4. When you’re done, tighten the axle to 110 Nm / 81 lb-ft.
  5. Tighten the lock nuts to 27 Nm / 20 lb-ft.
  6. Re-check the chain slack again to make sure it’s still within spec.

Wheel, Tire, and Tire Pressure Specs

Below are the wheel sizes and recommended tire pressures for the Tiger 1050.

The Tiger 1050

About the Triumph Tiger 1050 (2007-2012)

2012 Triumph Tiger 1050 with side cases, white
2012 Triumph Tiger 1050 with side cases

The Triumph Tiger 1050 is a commitment to sport riding from Triumph, rather than trying to bridge off-road and on-road riding.

While it was a premium bike from Triumph decades ago, these days it is a rare bit of excellent value. Great sporty performance, comfort, reliability, and easy and wide maintenance intervals. There’s a lot to like!

Unlike previous generations of the Triumph Tiger, the 2007 Triumph Tiger 1050 was the first to have a 17-inch front wheel. The front and rear 17-inch cast wheel combo represents a commitment to sport touring, much like the Multistrada of the time (its contemporary was the Ducati Multistrada 1100).

The 2007-2012 Triumph Tiger 1050 has the 1050 motor found in the Sprint ST. It’s reduced in power compared to the thunderous Speed Triple, but tuned for low-end response, which makes it very easy to navigate at low speeds or in traffic.

The Tiger 1050’s motor is a dual overhead cam setup. So while checking valve clearances isn’t too hard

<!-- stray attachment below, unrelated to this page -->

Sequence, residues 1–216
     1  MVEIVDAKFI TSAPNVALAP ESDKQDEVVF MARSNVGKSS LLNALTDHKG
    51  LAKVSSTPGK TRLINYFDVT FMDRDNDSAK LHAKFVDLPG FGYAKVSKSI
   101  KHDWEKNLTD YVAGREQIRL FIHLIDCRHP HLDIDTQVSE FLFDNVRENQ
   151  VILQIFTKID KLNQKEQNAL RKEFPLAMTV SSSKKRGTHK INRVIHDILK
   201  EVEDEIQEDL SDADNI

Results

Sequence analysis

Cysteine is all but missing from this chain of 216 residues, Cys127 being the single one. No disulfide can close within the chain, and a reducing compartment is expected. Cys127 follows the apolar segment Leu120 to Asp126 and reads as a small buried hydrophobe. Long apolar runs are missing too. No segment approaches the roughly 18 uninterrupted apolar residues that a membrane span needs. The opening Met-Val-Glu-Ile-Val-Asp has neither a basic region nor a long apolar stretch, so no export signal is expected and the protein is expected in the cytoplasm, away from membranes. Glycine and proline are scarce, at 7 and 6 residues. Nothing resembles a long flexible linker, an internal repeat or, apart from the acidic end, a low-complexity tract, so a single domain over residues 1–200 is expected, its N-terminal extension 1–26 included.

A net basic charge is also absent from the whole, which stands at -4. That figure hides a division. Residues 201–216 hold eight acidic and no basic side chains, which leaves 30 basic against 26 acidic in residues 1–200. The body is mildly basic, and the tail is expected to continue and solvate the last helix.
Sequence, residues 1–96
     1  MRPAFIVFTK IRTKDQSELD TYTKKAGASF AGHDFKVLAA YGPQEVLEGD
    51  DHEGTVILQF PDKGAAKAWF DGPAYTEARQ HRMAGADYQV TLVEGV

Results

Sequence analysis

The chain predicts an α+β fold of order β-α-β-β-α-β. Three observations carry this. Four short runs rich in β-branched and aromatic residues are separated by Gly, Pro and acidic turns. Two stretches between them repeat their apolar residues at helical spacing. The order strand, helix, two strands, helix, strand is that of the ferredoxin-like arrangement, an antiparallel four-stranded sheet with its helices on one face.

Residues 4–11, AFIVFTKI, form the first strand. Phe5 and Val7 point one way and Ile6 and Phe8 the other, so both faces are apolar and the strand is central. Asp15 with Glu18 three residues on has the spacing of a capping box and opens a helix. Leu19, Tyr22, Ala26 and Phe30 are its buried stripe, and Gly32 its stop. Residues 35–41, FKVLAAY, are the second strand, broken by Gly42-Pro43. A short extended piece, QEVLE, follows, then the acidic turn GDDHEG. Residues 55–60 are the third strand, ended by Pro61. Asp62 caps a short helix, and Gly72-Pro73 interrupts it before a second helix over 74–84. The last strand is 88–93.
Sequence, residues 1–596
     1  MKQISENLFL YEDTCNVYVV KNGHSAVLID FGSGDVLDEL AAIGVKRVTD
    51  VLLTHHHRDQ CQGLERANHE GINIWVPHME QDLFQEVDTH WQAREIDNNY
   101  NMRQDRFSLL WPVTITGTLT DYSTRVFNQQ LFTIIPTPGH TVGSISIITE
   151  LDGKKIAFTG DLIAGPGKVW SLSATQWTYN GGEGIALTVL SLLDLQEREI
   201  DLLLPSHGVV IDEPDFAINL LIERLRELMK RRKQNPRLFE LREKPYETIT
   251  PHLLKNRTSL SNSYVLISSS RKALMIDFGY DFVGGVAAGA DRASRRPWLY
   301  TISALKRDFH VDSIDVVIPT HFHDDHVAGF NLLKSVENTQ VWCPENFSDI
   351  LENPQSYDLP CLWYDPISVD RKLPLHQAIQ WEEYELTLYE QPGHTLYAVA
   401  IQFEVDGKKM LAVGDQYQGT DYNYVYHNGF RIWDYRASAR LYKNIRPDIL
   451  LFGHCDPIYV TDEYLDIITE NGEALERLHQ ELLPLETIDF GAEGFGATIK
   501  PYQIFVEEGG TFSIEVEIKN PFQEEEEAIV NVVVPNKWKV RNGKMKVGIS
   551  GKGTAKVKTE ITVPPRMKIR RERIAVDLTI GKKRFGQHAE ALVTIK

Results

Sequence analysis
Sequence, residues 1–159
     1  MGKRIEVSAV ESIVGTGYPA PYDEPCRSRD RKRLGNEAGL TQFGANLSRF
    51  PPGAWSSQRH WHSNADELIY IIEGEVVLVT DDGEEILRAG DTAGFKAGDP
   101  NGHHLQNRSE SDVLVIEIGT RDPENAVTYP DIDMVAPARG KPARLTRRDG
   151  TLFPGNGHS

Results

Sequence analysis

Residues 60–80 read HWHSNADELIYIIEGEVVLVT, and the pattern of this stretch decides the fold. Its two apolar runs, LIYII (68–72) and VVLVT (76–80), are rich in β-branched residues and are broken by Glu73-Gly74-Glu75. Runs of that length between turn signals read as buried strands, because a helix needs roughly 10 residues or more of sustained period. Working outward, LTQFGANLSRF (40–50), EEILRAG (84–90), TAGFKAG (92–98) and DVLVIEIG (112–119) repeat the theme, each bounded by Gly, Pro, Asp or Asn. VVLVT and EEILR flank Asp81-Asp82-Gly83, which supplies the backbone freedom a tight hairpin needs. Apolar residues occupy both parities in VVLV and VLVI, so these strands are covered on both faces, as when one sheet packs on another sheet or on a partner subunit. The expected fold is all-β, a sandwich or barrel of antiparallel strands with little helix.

There’s a lot to like about the Tiger 1050. It’s a nice balance between two worlds of sport riding and adventuring. On the one hand, the big triple engine is responsive, and likes being revved to deliver its full arsenal of 115 hp. On the other, it’s comfortable as heck, with a not-too-high seat height (for a big bike – 830 mm or 33 inches) and wide handlebars.

There’s a screen, but it’s not too tall. There are rear-set footpegs, but they’re not too high. There’s a handlebar, but it’s not pulled too far back. And so on.

One nice thing about maintaining the Triumph Tiger 1050 is that there isn’t too much to remove to get access to the engine. Yes, you do have to remove the tank. But once you do, it’s not a cramped working environment, as can be the case on many other modern roadsters.

After 2012, Triumph updated the Tiger 1050 to be the Triumph Tiger Sport, with a single-sided swingarm, a higher-revving and higher-power engine, ride aids, and more.

Reference — 2007-2012 Triumph Tiger 1050 owner’s manual screenshots

The above came from checking the manuals for both the 2007 and 2012 Triumph Tiger 1050, checking for discrepancies.

Triumph makes their manuals available online here.

There are also various resources in the maintenance section of the Triumph Tiger 1050 forum here.